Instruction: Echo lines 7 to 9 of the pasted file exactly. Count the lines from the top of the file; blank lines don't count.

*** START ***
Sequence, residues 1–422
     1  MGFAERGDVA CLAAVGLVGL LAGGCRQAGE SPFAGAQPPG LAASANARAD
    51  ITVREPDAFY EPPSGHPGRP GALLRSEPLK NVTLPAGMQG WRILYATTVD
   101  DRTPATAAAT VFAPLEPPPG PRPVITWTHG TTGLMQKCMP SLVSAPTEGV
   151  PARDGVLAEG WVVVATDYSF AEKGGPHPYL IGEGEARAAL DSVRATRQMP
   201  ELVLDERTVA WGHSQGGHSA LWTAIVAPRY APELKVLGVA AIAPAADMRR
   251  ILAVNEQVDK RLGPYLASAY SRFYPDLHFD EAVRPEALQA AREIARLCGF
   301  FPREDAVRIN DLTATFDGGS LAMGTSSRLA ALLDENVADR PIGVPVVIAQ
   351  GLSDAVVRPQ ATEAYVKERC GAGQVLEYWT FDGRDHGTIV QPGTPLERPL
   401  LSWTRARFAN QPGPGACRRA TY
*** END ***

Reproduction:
   251  ILAVNEQVDK RLGPYLASAY SRFYPDLHFD EAVRPEALQA AREIARLCGF
   301  FPREDAVRIN DLTATFDGGS LAMGTSSRLA ALLDENVADR PIGVPVVIAQ
   351  GLSDAVVRPQ ATEAYVKERC GAGQVLEYWT FDGRDHGTIV QPGTPLERPL